April showers bring May flowers! Fortunately, it’s not raining too heavily in San Francisco right now. Just in case, I’ll knock on wood 😉
As I get ready for UC Berkeley’s PILLS (Pre-Pharmacy Informational Learning and Leadership Society) 7th Annual NCPPS (Northern California Pre-Pharmacy Symposium), I find myself ruminating over some of the panel questions. I thought it would be nice to update my blog with some of these rampant thoughts. Before I begin my post, I would like to reiterate my disclaimer: opinions are opinions 🙂
I think one of the quintessential pre-pharmacy questions is whether or not one should take a year off or more before starting pharmacy school. For those who have asked me this, I usually give the same answer: only if you are so inclined. I believe that a lot of pre-pharmacy students underestimate their qualifications, which leads to the self-doubt that may culminate in the decision to wait an extra year before applying. But I also understand that there are students who simply want to take a breather before committing to professional school. This usually translates into a year or more of working and contributing to corporate America, which is the perfect segue into my next suggestion of finding a pharmacy position, such as a clerk or technician. Now, I want to emphasize that pharmacy schools do not require nor expect their students to have prior pharmacy experience, but my experience has shown me that pharmacy exposure may smooth out some bumps in pharmacy school. So, quintessential question number two: does one need pharmacy experience to get into pharmacy school? Nope, but I would recommend it for a few reasons:
- You get a glimpse into the patient-centered world of pharmacy. Any shadowing or volunteering in a pharmacy demonstrates your genuine interest in the field and your understanding of what the profession entails.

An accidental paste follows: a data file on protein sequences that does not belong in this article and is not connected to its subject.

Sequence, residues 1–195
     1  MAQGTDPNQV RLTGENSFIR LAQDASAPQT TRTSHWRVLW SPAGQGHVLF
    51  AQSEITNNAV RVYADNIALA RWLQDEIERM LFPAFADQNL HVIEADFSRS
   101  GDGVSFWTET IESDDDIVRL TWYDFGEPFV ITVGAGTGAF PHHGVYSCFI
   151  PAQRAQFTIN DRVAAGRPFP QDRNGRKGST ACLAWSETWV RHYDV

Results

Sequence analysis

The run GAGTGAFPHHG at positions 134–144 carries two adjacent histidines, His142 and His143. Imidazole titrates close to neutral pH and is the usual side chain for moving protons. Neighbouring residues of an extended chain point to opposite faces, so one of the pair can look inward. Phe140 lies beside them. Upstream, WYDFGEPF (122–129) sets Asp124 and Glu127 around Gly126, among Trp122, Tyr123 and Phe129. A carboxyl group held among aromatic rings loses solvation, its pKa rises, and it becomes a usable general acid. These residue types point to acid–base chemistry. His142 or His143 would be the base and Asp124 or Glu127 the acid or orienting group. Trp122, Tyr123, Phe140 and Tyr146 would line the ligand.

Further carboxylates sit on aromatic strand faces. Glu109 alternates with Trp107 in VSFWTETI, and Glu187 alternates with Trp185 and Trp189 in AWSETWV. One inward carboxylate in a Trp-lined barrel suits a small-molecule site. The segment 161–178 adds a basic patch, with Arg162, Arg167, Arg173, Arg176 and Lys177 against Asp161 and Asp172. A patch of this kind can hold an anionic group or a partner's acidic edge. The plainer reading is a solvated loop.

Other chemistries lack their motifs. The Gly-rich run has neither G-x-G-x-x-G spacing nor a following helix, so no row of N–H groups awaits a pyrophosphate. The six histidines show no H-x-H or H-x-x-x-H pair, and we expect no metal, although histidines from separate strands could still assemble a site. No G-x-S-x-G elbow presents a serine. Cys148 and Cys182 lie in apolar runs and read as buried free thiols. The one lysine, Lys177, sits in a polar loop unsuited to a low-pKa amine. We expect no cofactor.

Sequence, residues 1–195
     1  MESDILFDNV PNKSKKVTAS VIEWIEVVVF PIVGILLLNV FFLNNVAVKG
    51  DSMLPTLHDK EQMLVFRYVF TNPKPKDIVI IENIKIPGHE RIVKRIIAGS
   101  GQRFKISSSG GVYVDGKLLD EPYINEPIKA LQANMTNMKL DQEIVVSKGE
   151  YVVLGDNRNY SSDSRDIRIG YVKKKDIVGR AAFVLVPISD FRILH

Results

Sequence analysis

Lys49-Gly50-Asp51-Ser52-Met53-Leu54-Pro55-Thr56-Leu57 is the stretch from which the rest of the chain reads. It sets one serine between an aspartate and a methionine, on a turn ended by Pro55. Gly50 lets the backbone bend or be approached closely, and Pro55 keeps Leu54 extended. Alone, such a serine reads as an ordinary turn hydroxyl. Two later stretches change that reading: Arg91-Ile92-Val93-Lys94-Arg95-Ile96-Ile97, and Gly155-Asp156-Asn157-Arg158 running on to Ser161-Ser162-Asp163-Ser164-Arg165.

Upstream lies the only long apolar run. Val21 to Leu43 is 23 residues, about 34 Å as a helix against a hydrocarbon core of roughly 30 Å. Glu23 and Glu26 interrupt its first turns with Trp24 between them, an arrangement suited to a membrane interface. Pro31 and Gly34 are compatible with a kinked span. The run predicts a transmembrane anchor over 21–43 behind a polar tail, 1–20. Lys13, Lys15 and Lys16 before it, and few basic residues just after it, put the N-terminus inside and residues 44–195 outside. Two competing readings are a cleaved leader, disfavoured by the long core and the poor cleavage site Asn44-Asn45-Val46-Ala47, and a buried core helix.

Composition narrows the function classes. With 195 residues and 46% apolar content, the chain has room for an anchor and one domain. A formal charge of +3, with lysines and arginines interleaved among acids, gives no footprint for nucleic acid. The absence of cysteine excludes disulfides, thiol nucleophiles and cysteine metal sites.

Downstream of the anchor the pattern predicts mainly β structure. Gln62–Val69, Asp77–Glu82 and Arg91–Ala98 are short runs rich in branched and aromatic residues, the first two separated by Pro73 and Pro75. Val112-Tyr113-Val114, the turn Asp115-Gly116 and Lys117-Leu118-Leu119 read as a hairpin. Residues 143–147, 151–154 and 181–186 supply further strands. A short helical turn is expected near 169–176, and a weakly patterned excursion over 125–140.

- Pharmacy school classes may be easier (to a certain extent). I’ve noticed that my classmates with pharmacy technician backgrounds had an easier time learning OTC products and pharmacy law because of their familiarity with the numerous products and P&P (policies and procedures).
- It may be easier find a pharmacy internship–emphasis on the may. Once again, most employers will state that applicants do not need pharmacy experience, but from what I have seen, the applicant with pharmacy experience looks stronger on paper than the applicant without. However, this does not attest to actual interpersonal skills or pharmacy knowledge, which is a limitation of the initial screening process.
For those of you looking for pharmacy experience, but haven’t had luck with or aren’t aiming for positions as clerks or technicians, being a pharmacy volunteer is substantial too! My only experiences were as a pharmacy volunteer, which allowed me to shadow the pharmacists and engage in patient interaction. I would recommend seeking out local pharmacies and asking if you could spend a few days shadowing the pharmacists or volunteering in the pharmacy. Truth be told, volunteer programs are becoming saturated, but persistence and resourcefulness are good traits to have 🙂
To backtrack to the first quintessential question, my perspective is that gap years should focus more on self-development (traveling) than professional development (jobs and internships). I’m a hypocrite for saying it, but I do have the hindsight to say it. You’ll be spending the rest of your life as a professional, starting with pharmacy school and quickly transitioning into a pharmacy-related workplace. From a longitudinal perspective, would you truly want to spend that valuable gap year doing more work? Perhaps this is just me vocalizing my regret in not taking a gap year to travel, especially since it’s becoming more apparent that my number of real vacations is slowly dwindling away to nothing. So, while traveling sacrifices professional development, it fosters self-development through curiosity, cultural awareness, maturity, independence. And that deserves my respect.